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What parents need to know
Parents need to know that Eleanor's Secret is a 2010 French animated family treat that will enchant kids with its reverence for fairy tales and emphasis on the importance of make-believe. The action begins after the death of a beloved aunt who read stories aloud. Her absence means that characters from the world's great children's literature she loved so much face the possibility of disappearing. Her young nephew Nat, who struggles with reading aloud, is anointed "The Great Reader" by his aunt, charged with saving the stories. A wicked witch shrinks him to the size of his books' illustrations, and, from that disadvantage, he must evade such terrors as a normal-sized toddler's grabby hands, a crab's pincers, and other magnified perils as he labors to save the fairy tales.
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What's the story?
Nat's beloved great-aunt Eleanor has died and left the family her beach house. Nat cherished listening to her read stories to him, so it's no surprise that her final gift to him is the house's locked library, "ELEANOR'S SECRET," filled with valuable first edition fairy tales and children's books. The family doesn't know their value, and, needing money to make repairs, they agree to sell the books for a pittance to a canny junk dealer expecting to make a killing on the resale. At the same time, the books' characters explain to Nat that he has been selected to be Eleanor's successor as the new Great Reader, champion of the stories. The catch is that first he must read aloud the magic sentence that will keep them alive, a challenge since Nat still can't read aloud.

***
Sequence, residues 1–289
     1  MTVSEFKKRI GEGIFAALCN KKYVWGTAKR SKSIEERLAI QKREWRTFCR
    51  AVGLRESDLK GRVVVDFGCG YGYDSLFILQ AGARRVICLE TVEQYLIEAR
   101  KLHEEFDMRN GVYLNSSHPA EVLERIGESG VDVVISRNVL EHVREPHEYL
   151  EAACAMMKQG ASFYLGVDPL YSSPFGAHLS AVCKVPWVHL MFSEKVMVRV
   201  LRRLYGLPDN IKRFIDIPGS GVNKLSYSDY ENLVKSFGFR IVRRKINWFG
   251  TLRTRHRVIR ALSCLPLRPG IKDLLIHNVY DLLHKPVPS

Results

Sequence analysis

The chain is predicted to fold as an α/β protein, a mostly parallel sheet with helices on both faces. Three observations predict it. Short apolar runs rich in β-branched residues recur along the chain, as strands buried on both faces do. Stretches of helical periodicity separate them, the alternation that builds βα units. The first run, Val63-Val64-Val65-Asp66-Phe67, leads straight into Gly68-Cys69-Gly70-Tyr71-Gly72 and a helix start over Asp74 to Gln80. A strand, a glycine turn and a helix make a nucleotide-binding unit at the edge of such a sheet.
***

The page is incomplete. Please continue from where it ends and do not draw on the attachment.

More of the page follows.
Is it any good?
This charming celebration of the imagination is a visual and emotional gem. The delightful animation in Eleanor's Secret is quirky and reminiscent of the vivid drawings of the Stinky Cheese Man illustrator Lane Smith. Although an ogre, a wicked witch, and mildly perilous adventures may worry smaller children, the idea that fictional characters from different stories are all friends who band together to save themselves so that more kids may enjoy them is something most kids can happily root for.
Talk to your kids about ...
Families can talk about Nat's struggle to read aloud in Eleanor's Secret. Did you believe that Nat would be able to overcome his fear of reading aloud? How do you handle reading aloud?
Does Nat believe the fairy tale characters are real? Can book characters be make-believe but also real inside your imagination?
How is this French animated tale similar to and different from American movies for kids?
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